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Our View: Who won Tuesday's election? The voters

 

 

 

Much of Wednesday's attention will be focused on the winner's of Tuesday's general election and the unfinished business that still awaits in those races requiring a runoff to determine the winner on Nov. 27. 

 

Some races were run-aways, some were to close to call. 

 

But there is one group of winners whose performance should not be ignored: The voters. 

 

Throughout the state and nation turnout was high. 

 

The Golden Triangle was no exception. In some cases, in fact, the turnout was very good, especially compared to the June primary and previous midterm elections. In Clay County, 56.5 percent of registered voters cast ballots Tuesday. In Oktibbeha County, the turnout was 53 percent and may go as high as 55.6 percent when all the absentee and provisional votes are counted, said circuit clerk Tony Rook. In Lowndes County the turnout was 49.1 percent while 44.2 percent of registered Noxubee County voters went to the polls Tuesday after just 4 percent of voters went to polls in June. 

 

Compared to the June primaries, when turnout in the Golden Triangle ranged from that 4 percent in Noxubee County to 15 percent Oktibbeha County, the improvement in turnout was better than anyone dared to imagine.  

 

Ideally, the turnout would be close to 100 percent. Realistically, turnouts approaching 50 percent are good. There will always been a significant amount of voters who cannot be persuaded to exercise their civic duty.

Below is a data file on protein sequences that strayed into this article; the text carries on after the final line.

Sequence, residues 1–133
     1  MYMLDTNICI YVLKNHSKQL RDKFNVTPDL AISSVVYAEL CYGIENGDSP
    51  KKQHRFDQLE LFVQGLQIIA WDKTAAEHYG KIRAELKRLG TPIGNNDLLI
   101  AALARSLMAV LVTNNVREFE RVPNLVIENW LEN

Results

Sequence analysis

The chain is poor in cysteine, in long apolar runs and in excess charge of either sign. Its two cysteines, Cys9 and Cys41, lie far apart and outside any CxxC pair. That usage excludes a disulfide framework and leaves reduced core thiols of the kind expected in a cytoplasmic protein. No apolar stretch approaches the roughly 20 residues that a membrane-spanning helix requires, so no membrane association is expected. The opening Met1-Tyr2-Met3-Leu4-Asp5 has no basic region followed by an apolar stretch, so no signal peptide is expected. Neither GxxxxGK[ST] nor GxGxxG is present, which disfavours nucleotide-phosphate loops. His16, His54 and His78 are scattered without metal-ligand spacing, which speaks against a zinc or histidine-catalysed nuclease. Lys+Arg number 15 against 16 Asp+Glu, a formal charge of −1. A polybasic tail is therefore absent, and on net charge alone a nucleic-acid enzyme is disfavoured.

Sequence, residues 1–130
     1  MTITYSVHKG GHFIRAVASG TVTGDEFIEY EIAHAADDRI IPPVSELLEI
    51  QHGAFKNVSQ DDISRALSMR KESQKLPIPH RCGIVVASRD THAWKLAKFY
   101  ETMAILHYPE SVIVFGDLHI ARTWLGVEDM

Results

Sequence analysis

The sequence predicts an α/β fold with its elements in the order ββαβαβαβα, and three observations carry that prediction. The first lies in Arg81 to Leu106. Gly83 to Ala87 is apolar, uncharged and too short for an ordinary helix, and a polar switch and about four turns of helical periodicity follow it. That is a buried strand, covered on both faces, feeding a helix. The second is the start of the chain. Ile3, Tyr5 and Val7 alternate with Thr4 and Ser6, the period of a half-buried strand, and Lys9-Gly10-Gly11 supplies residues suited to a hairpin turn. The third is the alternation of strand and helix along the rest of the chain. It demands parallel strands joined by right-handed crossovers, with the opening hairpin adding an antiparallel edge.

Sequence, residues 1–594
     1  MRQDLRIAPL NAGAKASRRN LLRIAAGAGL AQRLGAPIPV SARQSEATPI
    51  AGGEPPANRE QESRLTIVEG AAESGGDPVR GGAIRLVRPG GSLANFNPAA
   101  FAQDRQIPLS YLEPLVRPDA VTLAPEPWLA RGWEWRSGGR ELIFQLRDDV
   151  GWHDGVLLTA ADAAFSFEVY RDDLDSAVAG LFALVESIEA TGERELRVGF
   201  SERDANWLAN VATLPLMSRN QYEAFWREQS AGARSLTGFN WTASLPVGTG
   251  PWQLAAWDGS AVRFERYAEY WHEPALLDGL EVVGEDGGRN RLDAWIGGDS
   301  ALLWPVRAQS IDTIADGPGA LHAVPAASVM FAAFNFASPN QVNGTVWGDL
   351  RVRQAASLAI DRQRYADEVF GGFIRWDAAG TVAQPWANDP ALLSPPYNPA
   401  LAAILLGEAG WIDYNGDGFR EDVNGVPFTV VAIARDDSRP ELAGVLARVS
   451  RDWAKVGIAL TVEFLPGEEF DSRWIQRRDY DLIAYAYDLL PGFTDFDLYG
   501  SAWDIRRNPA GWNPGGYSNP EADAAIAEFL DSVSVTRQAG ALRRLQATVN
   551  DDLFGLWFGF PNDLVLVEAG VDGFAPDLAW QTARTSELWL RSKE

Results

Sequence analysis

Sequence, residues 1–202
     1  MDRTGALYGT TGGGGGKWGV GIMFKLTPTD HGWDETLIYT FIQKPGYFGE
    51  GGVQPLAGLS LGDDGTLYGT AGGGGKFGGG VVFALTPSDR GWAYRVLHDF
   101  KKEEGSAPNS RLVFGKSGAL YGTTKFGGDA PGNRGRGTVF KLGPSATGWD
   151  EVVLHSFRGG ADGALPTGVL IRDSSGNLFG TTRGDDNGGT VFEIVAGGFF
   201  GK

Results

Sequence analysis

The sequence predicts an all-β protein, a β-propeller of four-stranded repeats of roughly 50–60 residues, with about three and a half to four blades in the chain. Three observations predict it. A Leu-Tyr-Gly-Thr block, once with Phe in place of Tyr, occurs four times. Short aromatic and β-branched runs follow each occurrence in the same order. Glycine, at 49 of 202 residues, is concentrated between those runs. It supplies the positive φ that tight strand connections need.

Given the abysmal turnout a few months ago, we are proud that so many voters in the Golden Triangle did get to the polls. 

 

The stakes were high - both U.S. Senate seats were on the ballot throughout the Golden Triangle while a U.S. House seat was up for grabs in parts of the area. All four counties featured contested races for important, if not high-profile, chancery court judge positions. 

 

Individually, voters may be disappointed or pleased with the outcome of Tuesday's election. 

 

But collectively, Tuesday was an unqualified success. Government works best when it is supported by an active, informed public. 

 

What we saw Tuesday was a positive step in that direction. 

 

We salute all of the candidates who ran for office, the county employees and volunteers who helped stage the election and, most of all, the voters, who exercised their right and duty by going to the polls. 

 

Let's hope Tuesday's turnout becomes a momentum-builder for all future elections, including the Nov. 27 runoffs.

 

 

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